While gleeful Zimbabweans celebrate the dawn of a new era under incoming president Emmerson Mnangagwa, political analyst Ralph Mathekga believes he could possibly be another dictator who will merely continue former president Robert Mugabe's atrocities.
"He is not an outsider; if there is going to be a change, it will be by a long shot... he is one of the senior [Zanu-PF] leaders, it will be big surprise if he makes major changes," he told HuffPost on Thursday.
He believes people "should not get carried away" and remember that Mnangagwa comes from a "repressive party" that has alienated many Zimbabweans.
According to Mathekga, as long as Zanu-PF does not form strong ties with opposition parties, there will be no true change in the country.
"The only way he can be taken seriously is to think outside the party and restore democratic processes in Zimbabwe," Mathekga said.
"Emmerson can learn from how Mugabe was removed through the military, Zanu PF and students protests".
Political analyst Daniel Silke reckons while there are valid reasons "to be suspicious of Mnangagwa because of [his] history, Zimbabweans have already had a taste of freedom in the past week. He [Mnangagwa] would not put the genie back in the bottle, [that] would be highly dangerous".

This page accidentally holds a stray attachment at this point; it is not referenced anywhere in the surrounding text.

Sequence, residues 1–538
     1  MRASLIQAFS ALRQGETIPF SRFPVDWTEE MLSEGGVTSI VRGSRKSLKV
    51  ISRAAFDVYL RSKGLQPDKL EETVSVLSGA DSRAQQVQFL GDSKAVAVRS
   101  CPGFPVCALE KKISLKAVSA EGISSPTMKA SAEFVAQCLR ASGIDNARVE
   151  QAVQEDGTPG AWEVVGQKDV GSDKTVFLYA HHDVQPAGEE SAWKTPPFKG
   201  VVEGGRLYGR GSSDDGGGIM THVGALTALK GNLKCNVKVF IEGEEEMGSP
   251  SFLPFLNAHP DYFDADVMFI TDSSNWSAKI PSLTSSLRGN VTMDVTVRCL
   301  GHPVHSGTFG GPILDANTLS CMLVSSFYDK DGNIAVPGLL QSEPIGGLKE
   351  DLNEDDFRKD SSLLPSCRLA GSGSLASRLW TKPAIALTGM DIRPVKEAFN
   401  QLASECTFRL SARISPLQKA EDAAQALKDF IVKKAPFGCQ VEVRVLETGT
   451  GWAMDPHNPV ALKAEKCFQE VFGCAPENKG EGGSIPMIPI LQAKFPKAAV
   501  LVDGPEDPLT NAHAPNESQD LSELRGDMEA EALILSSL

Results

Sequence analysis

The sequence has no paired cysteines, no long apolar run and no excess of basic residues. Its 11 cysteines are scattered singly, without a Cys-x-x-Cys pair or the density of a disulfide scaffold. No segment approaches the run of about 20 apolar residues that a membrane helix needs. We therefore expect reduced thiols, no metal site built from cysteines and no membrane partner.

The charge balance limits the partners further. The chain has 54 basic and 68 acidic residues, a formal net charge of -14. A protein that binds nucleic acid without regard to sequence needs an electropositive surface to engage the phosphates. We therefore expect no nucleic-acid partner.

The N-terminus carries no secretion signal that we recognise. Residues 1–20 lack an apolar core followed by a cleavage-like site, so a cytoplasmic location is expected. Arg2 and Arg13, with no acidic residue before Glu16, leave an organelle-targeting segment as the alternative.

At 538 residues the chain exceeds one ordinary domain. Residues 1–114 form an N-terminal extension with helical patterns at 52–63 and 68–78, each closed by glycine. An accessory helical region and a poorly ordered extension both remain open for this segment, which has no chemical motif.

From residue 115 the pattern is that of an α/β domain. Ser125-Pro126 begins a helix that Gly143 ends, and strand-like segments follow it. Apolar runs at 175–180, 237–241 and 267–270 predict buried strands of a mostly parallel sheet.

"I am optimistic he will play a more strategic game".
However, Silke thinks Mnangwagwa will still stay true to his roots.
"He will always look after the interests of Zanu-PF and maintain the grip that the party has on Zimbabweans," he said.
Silke also believes there will be new policies to lift the country out of its economic woes.
"The Zimbabwean economic meltdown needs to be arrested and tough economic decisions need to be made. There is a realism within Zanu-PF that things need to change," he said.
Unisa professor Shadrack Gutto said if Mnangagwa was "anything different from Robert Mugabe, it would be beautiful".
According to Gutto, Mnangagwa has "made all the right noises promising a better government to Zimbabweans". He says Mnangagwa will not be another Mugabe because he saw how the former president was ousted.
"[Mnangagwa] can learn from how Mugabe was removed through the military, Zanu-PF and students protesting against [his reign]".